Superwash spends 70K after rooftop blaze

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June 19, 2012

Nearly $70,000 has been spent to revive Superwash's Gibbs Corner and West Avenue location to get it up and running, after that location experienced an early morning fire.
The blaze destroyed the building's roof two months ago. However, the company's president, Dionisio D'Aguilar, said the store was operational weeks after the fire.
"In that time, the damaged roof was repaired. It's not in the best condition but it's enough to hold us for another year. Our intention is to demolish that building, which was constructed in 1969," he shared. "We spent approximately $60,000 to $70,000 in repairs, as only the roof burnt. It was just a matter of getting a roof repaired."
Meanwhile, D'Aguilar confirmed to Guardian Business that the laundromat chain is beginning to experience an upswing in sales in 2012, in comparison to the last two years.
He noted that much of his business is based on weather, and not on the economy.
"If we were to go back over a five-year period, 2007 and 2008 were great years, 2009 and 2010 were definitely years of decline. 2011 was flat," D'Aguilar shared. "However, in 2012 we started to see a slight upswing in sales. We are weather-related business. While January to April was flat, with all of the rain that we had in May, that definitely has led to a healthy increase."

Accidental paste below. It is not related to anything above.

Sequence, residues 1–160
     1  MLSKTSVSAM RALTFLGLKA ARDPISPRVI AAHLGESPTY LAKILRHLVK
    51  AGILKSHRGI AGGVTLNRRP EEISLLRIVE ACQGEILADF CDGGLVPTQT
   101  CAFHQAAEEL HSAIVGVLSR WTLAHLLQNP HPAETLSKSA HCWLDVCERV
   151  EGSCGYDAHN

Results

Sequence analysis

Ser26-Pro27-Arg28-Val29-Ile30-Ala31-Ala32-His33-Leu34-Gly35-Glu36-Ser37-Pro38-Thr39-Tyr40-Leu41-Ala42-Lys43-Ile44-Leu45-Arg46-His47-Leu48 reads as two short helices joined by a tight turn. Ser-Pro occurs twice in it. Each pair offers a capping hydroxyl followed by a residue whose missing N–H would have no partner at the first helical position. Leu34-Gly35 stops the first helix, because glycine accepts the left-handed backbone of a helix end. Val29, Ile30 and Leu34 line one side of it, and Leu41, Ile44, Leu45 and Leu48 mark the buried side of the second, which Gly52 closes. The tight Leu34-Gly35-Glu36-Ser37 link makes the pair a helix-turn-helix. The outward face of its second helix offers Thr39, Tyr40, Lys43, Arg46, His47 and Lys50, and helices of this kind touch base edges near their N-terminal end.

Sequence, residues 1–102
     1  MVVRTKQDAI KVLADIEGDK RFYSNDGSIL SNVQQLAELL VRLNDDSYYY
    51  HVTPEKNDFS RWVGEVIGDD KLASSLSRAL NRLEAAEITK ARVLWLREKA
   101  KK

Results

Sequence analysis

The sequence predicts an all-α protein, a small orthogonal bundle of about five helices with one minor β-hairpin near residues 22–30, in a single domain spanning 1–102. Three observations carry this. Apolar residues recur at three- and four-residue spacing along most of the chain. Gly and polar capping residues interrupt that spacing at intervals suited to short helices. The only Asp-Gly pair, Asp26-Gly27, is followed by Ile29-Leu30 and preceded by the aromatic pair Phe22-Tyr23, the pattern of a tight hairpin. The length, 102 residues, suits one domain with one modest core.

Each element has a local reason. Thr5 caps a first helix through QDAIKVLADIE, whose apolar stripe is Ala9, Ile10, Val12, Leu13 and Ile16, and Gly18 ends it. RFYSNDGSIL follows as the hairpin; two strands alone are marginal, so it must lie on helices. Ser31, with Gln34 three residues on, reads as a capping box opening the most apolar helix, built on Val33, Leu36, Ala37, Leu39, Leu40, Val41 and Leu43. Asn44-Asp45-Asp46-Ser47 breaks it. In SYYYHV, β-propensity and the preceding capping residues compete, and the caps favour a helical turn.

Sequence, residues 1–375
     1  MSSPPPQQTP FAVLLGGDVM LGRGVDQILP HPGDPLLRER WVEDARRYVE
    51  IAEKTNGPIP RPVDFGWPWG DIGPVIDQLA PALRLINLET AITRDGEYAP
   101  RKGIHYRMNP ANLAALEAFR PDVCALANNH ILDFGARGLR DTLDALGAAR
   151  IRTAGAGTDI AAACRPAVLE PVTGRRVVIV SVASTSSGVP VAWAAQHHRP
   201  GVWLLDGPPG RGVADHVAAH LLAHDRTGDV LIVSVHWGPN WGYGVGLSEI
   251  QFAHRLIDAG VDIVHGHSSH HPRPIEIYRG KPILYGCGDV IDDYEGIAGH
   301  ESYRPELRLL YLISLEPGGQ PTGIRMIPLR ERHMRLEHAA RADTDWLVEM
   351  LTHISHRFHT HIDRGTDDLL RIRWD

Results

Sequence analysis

Superwash's president told Guardian Business that plans for the new 4,000 square foot Superwash are still in the design and approval stages, but scheduled to be completed within a year's time.
The new location is expected to be completed within the next 12 months and will cost the local laundromat $1 million to construct. He added that the outlet will feature all new equipment.
"We decided to build an entirely new location on the adjacent property and demolish this existing one. Once the new location has been completed, we are demolishing the existing one and [will] use that space for parking," according to D'Aguilar.
He admitted that there is a lot of underground work that accompanies the construction of a laundromat.
"There is a lot that has to be done in the ground in order to build a laundromat. We have to build a water storage in the ground underneath the building before it can rise up. We can commence some of that work now. It should be up and running within a year's time," D'Aguilar added.

Click here to read more at The Nassau Guardian

News date : 06/19/2012    Category : Business, Nassau Guardian Stories

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